Reflections at 40 – Blogging – 31/40

To celebrate turning 40, I’ve challenged myself to blog for each of the 40 days leading into my birthday. This is post number 31. You can read all the posts here.

Kelly Exeter Blogging

Seven years ago, deep in the grips of overwhelm and depression and with exactly zero ‘free’ time on my hands, I did what any sane person would do. I started a blog.

It was called I Love Pretty Things and it delivered exactly what it said on the box. I wrote about pretty things – usually things I came across in gift shops and art markets.

Because of that blog, I ventured back on to Twitter, a place I’d dipped my toes into a few times, but never managed to really ‘get’. Well, I finally ‘got’ Twitter and while there, discovered the very large, very friendly community of Australian bloggers.

So cool!

Until then I thought blogging was just something people did for their businesses. I thought I was unique in doing it as a hobby!

Ha ha!

It wasn’t long after this that the term ‘passive income’ crossed my radar, along with the fact that blogging was a known pathway to that promised land. The formula was (apparently) quite simple:

Start a blog > build a large audience > monetise that audience > retire to a hammock on the beach.

This looked like the perfect solution to all the problems I was having at the time so I went all in. Before long, I had no less than four blogs.

Not long after that I was on Twitter and The Problogger, Darren Rowse, tweeted about the blogging conference he was running. It was called PBEVENT.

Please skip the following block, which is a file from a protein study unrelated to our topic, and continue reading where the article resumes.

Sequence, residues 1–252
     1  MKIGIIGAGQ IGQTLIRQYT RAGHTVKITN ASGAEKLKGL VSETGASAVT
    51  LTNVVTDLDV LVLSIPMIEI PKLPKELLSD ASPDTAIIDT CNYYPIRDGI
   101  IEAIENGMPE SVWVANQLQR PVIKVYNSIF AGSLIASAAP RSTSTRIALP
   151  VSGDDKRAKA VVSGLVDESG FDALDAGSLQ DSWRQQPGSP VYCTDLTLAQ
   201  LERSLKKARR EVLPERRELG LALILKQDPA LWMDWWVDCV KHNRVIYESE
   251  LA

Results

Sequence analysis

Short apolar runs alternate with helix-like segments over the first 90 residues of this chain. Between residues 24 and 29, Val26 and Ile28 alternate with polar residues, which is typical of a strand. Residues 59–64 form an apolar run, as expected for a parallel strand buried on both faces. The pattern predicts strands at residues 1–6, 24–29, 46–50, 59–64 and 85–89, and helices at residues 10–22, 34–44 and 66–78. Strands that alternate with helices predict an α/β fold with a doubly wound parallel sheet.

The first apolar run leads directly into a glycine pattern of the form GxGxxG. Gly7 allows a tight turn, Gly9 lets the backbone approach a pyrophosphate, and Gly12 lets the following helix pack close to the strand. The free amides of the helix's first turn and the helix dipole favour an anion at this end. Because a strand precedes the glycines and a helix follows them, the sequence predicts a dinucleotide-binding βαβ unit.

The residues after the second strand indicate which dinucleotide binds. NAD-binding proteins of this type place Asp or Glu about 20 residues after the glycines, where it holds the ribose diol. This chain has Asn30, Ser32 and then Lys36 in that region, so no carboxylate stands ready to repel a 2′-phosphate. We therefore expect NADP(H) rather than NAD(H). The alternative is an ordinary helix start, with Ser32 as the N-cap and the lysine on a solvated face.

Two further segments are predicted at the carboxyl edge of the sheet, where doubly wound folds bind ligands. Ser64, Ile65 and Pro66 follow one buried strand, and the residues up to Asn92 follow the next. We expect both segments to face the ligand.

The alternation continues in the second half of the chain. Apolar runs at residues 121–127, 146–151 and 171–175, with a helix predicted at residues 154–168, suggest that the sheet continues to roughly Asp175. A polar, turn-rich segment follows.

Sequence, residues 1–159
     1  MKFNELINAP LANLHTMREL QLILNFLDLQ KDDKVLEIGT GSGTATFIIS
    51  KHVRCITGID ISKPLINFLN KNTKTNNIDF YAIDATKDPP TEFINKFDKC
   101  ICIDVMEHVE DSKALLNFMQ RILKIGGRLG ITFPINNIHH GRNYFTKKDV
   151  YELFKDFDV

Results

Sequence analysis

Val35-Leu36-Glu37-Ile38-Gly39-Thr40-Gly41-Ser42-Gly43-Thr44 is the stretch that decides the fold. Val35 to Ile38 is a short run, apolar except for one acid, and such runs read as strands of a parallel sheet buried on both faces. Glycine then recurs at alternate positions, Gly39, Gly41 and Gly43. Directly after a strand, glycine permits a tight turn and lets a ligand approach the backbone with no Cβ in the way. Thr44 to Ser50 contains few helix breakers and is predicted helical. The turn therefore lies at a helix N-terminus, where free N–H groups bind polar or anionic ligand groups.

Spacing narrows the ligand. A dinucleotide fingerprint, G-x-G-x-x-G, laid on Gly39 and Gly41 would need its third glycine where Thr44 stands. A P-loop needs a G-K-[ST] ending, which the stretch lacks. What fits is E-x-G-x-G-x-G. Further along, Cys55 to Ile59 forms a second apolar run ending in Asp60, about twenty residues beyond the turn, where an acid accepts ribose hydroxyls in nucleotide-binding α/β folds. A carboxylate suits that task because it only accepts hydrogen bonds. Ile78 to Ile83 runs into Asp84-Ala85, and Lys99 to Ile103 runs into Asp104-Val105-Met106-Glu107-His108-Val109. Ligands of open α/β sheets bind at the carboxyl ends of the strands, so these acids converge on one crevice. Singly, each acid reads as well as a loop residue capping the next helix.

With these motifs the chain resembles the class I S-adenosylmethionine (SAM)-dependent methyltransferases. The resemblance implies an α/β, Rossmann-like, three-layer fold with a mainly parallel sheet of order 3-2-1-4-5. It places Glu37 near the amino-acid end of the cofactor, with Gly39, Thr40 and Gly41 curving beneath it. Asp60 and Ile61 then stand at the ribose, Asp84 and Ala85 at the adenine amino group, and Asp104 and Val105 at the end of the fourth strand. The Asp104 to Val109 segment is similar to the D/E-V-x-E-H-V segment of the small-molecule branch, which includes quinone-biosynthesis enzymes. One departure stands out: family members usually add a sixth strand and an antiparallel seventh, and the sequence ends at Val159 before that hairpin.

Woo hoo! I was in. I couldn’t wait to find out how to monetise these four blogs I had.

I flew to Melbourne, went to the conference, spent the whole day madly scribbling notes and soaking up all the knowledge, tactics and techniques on offer.

Meanwhile, there was a nagging voice in my head:

Mmmm. Building a blog and monetising it seems to be rather hard work. Most disconcertingly, none of these people who’ve successfully done it seem to be chilling out at the beach. They appear to be still working quite hard.

This was quickly followed by:

I’m pretty sure I don’t want to do all the things required to make a blog a money-making venture. I just want to write.

So, that was awkward.

The come down from any conference is always hard. My come down after that event was brutal. What the hell was I going to do with these four blogs I had?

The answer was, shut down two of them.

I continued to blog on the Swish Design site because it was good for our Google ranking and I also love writing about business.

I continued to blog here.

And I decided I was never going to try and directly monetise through things like sponsored posts and brand relationships. I decided instead to use this site for two things:

  1. A way to share my thoughts and ideas around simplifying life while still pushing to achieve big goals (and hopefully help others who were trying to do the same).
  2. To build my profile as a writer and thinker.

These past two weekends I’ve been privileged to speak at the 2017 version of PBEVENT. Flying home from Melbourne this morning I had the opportunity to reflect with gratitude on all the opportunities blogging has afforded me over the years.

  • I’ve made the most amazing friends. I got to hang with some of them at dinner last night and don’t think I stopped laughing for three hours!
  • I’ve had the opportunity to do some incredibly fun collaborations; my podcasts Straight and Curly, and Let It Be; the Simpler Way event I ran with Brooke and Alexx; the book I’m working on with James.
  • I’ve written three books.
  • I’ve been interviewed on many, many podcasts.
  • I’ve been invited to speak at conferences about things I am hugely passionate about. I love speaking!
  • I edited Flying Solo for two-and-a-half years.
  • It’s put me in the position to offer a (new!) coaching service.
  • I’ve been able to put my words in front of people and have them read. I’ve been told those words have helped people feel less alone and hopeless, more understood, energised and empowered.

That last one there, that’s the most priceless.

I love writing. I’d write even if no one was reading.

But it’s so much more fun when they are!

So, if you’re here and reading – thank you. It’s hard to articulate just how much it means to me.


Photo by Thought Catalog on Unsplash